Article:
Yes brought up the phoenix 146.64 auto patch back in the mid 90's from a commercial flight to LA and called a coworker back home in prescott arizona to get him on the air so we could chat on 52 simplex. I did something similar but on the KC 53.29 repeater calling a friend 5 rows behind me while we were landing, brand new azden 6 meter HT for me to my friends GE PE 6 meter HT, nobody said a thing. Then around 2005 on the way to a vacation in northern michigan I called on one of the Ann Arbor boxes to see if my brothers ham friend was around.
     
  8. WA1GXC

    WA1GXC Ham Member QRZ Page



    Great job, OM! Perhaps you can exchange technique notes with your pal just above.


    "I think you made a pretty good point here."
     
  9. W7IMM

    W7IMM Ham Member QRZ Page

    What you did was in fact prohibited and has been for many years (and still is) . If you had asked if it was "ok" to operate a radio transmitter from the cabin, the flight attendants would have told you that you may not.

    If you had asked the Captain, he would tell you the same thing, and in addition, if the flight attendant had asked the Captain, he would have told her (or him) that he cannot authorize anyone to operate a "transmitter" from the cabin because the company flight manual or Operations Manual clearly states that transmitters (etc) are prohibited . (Capt cannot deviate from the company flight manual or Operations manual except in the interest of safety or in an emergency) (don't know what Capt PITNOF did at his company, I can only say what we did at the company I worked for)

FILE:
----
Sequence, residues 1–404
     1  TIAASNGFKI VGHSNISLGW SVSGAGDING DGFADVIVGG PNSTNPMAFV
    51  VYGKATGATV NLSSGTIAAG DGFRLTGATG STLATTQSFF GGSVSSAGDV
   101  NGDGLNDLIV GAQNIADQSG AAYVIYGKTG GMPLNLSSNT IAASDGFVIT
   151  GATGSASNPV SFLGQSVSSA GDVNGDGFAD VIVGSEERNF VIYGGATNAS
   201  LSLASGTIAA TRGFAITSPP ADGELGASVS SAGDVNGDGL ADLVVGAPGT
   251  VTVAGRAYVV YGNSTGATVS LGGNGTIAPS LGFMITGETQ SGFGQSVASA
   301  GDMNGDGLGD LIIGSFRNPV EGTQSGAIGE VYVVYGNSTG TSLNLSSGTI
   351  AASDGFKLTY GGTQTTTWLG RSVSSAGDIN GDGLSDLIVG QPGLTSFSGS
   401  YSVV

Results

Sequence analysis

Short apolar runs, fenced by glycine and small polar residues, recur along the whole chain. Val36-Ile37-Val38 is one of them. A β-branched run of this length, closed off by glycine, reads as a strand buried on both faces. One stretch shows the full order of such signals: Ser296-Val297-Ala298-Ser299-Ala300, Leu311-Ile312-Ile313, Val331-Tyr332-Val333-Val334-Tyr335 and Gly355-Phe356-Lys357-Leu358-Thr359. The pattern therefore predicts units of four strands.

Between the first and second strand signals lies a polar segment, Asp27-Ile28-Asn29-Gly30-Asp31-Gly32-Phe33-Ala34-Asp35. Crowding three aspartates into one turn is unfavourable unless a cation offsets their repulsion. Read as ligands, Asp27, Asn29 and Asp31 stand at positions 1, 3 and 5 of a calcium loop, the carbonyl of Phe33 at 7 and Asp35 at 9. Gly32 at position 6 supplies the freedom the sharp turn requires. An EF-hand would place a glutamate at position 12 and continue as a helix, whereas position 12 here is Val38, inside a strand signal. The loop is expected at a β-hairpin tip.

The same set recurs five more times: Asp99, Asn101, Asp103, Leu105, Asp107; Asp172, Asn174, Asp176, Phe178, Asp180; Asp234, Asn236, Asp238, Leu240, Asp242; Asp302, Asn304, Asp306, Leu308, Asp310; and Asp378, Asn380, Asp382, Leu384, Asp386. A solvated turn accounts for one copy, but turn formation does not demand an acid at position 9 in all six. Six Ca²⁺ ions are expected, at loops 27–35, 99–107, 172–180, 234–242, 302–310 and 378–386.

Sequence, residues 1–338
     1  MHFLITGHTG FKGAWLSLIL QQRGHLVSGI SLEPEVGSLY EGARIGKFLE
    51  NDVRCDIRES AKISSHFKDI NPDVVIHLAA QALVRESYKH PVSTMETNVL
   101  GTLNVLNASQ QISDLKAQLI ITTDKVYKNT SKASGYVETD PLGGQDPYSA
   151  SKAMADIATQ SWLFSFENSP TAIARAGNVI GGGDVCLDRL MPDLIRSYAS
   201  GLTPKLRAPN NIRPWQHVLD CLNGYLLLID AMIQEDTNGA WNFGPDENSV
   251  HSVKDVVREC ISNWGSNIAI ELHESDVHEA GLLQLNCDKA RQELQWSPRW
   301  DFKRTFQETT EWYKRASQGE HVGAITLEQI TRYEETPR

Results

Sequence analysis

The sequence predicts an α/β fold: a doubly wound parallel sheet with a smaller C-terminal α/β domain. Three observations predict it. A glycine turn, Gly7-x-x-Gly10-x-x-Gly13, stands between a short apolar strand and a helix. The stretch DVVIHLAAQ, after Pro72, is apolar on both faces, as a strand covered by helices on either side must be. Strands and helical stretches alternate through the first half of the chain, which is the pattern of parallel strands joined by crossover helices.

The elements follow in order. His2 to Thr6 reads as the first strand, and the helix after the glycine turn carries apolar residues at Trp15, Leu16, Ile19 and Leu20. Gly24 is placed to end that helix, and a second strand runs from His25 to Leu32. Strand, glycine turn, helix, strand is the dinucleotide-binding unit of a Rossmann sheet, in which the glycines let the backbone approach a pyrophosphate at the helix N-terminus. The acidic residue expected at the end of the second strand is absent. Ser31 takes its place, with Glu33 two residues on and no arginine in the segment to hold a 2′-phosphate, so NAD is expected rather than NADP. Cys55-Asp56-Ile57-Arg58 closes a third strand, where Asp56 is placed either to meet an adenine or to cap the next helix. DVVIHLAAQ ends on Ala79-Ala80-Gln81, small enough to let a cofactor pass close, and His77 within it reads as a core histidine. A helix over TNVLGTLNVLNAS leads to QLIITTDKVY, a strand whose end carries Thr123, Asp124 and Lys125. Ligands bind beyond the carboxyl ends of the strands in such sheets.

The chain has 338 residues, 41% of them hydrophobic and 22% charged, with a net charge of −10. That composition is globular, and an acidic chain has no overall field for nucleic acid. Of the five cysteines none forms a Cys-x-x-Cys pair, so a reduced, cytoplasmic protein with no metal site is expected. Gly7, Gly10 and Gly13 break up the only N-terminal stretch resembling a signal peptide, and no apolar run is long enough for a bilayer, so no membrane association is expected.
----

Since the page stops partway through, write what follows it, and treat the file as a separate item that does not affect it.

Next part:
You also "got away with it" during the approach and/or landing because the flight attendants were seated (and didn't see you) . You can be sure that if they did, they would have told you to "turn it off" and if you refused, it would likely escalate into "interfering with a crew member" which could result in a federal violation if it went far enough.

    If it happened on a flight that made an interim stop along the way, they would have had you removed from the flight if you refused to comply.

    This of course is not related to flight crew members operating the HF or VHF radios in the cockpit. No airline allows crew members to operate handheld VHF or UHF transceivers (or cell phones) in the cockpit during flight. Until recently, Even WIFI and bluetooth devices were prohibited.
     
  10. N3HGB

    N3HGB Ham Member QRZ Page

    You are a bad bad ham and need to punished severely. You operated both SSB and AM? Wash my airplane with a toothbrush immediately!
    :p
     
    W2AI likes this.